Durham University Professor to Present Lecture on “Prisoners of War: Durham and the fate of the Scots in 1650”

From:
Cari Quater, Development Director
Old Berwick Historical Society
207-451-7672 or cquater@comcast.net

Durham University Professor to Present Lecture on “Prisoners of War: Durham and the fate of the Scots in 1650”

Durham University,
North News and Pictures

andrew-2Photo: Dr. Andrew Millard during research on some of the remains of the 17th century Scottish soldiers.

New light has been shed on a centuries-old mystery surrounding the last resting place of Scottish soldiers who died after their capture at the brutal Battle of Dunbar in 1650.  A mass grave in Durham, England, unearthed in 2013, has revealed the skeletons of some of those soldiers—men whose battle comrades are buried an ocean away in New England.

On Wednesday, November 2 at 7:30 p.m. at the Art Center at Berwick Academy in South Berwick, Dr. Chris Gerrard, head of the department of archeology at Durham University, will present a pioneering lecture on the fate of soldiers imprisoned at Durham, who were caught in a religious war that catapulted them across Europe and America. The lecture is open to the public and is presented by the Old Berwick Historical Society, which is currently researching the lives of Scots prisoners who settled here in preparation for a major new exhibit, Forgotten Frontier: Untold Stories of the Piscataqua, opening at the Counting House Museum in South Berwick in May 2017.

On the morning of September 3, 1650, on the southeast border of Scotland near a town called Dunbar, the English army under the command of Oliver Cromwell defeated the Scottish royalist army in less than an hour. The Battle of Dunbar was one of the most fierce, bloody and short battles of the English civil wars, leaving up to 5,000 soldiers dead.

Around 3,000 Scottish soldiers were marched south from the Scottish border to the abandoned Durham Cathedral and Castle in northeast England, where they were imprisoned. An estimated 1,700 of those prisoners died of malnutrition, disease and cold and were buried at Durham.

What happened to their bodies has been a mystery for almost 400 years, but a team of researchers at Durham University in England now believes they have the answer.  During construction of a new café for the university’s library in 2013, human remains were uncovered by archaeologists testing the site.  Jumbled skeletons of at least 17 and up to 28 individuals were excavated from two burial pits.  The research team has concluded that the “only plausible explanation” of the scientific data, matched with historical accounts, is that the skeletal remains on their library site are those of the Dunbar prisoners.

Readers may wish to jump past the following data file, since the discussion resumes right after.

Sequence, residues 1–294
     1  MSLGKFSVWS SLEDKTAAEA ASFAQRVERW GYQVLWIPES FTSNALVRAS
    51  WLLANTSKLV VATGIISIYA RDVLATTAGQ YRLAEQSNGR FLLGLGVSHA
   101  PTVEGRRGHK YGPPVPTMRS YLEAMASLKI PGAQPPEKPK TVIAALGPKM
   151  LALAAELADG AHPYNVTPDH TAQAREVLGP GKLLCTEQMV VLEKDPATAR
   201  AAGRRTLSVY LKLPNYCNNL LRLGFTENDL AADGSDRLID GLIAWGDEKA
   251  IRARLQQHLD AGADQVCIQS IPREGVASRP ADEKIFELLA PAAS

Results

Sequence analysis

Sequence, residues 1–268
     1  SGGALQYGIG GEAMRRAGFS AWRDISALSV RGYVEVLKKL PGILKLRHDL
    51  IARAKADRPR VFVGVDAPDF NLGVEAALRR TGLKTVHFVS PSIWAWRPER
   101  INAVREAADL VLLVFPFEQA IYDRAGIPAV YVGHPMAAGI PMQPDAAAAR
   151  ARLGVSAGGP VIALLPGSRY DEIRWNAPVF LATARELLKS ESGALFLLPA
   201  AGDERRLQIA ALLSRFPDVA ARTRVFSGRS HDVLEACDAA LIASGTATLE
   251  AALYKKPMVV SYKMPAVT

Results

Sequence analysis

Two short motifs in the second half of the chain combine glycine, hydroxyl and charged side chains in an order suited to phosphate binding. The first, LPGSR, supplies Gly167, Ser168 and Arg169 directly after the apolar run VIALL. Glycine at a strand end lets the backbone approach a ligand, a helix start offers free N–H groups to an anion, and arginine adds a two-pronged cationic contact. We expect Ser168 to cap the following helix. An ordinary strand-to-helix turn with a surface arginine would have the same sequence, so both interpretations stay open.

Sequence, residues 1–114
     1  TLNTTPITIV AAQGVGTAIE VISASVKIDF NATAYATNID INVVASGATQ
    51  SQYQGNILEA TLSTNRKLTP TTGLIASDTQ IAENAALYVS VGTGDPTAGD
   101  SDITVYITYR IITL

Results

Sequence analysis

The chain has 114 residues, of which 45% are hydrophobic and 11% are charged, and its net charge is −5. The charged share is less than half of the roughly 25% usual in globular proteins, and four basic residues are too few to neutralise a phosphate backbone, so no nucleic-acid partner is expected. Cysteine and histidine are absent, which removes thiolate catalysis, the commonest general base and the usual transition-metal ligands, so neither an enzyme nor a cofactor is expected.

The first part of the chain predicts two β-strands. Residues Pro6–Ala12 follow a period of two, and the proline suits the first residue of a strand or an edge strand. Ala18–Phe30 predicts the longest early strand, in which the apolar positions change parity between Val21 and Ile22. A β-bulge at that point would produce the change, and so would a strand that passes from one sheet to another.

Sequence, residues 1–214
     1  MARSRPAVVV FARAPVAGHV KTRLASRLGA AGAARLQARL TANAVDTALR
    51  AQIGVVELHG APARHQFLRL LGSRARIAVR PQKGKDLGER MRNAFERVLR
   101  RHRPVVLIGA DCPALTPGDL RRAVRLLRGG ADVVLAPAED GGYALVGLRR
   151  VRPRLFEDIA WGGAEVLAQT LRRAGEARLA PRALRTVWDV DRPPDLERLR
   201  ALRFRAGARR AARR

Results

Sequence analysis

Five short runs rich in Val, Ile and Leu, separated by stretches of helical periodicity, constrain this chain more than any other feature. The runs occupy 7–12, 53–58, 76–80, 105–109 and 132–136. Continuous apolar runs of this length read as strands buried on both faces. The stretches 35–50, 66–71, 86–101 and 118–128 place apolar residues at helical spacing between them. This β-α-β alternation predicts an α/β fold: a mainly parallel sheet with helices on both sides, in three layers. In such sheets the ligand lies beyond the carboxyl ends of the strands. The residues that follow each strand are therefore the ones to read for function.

Survivors from Dunbar were conscripted into the English army or sold into forced labor in mines, forges, mills and plantations in New England and elsewhere in the Americas. Of the 350 men destined for transport to New England, only about 100 arrived in Boston, where they were sold for between £20 and £30 each.   Some were sent to cut lumber at a remote sawmill on the Salmon Falls River in what is now South Berwick, Maine, and others were sold as indentured servants, for terms of six or seven years. Those who built lives here 400 years ago are remembered by local landmarks such as the McIntire Garrison and Scotland Bridge in York, and, of course, the town name of Berwick.  FMI visit www.oldberwick.org or call 207-384-0000.

Cari Quater, Development Director
Old Berwick Historical Society
207-451-7672 or cquater@comcast.net

 

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2 Responses to Durham University Professor to Present Lecture on “Prisoners of War: Durham and the fate of the Scots in 1650”

  1. David B. Crawford says:

    the link http://www.oldberiwk.org is broken and does not work.

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